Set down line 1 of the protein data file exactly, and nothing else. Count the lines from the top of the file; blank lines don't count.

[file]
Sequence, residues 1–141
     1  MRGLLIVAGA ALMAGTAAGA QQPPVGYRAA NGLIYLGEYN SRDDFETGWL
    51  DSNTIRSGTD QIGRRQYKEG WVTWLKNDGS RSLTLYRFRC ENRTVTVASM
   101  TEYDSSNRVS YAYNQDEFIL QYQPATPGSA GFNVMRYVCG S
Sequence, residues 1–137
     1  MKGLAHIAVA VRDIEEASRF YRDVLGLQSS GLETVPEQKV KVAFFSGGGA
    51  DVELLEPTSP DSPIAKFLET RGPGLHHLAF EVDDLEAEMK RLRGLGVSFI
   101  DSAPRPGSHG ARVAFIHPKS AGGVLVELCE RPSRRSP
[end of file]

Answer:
Sequence, residues 1–141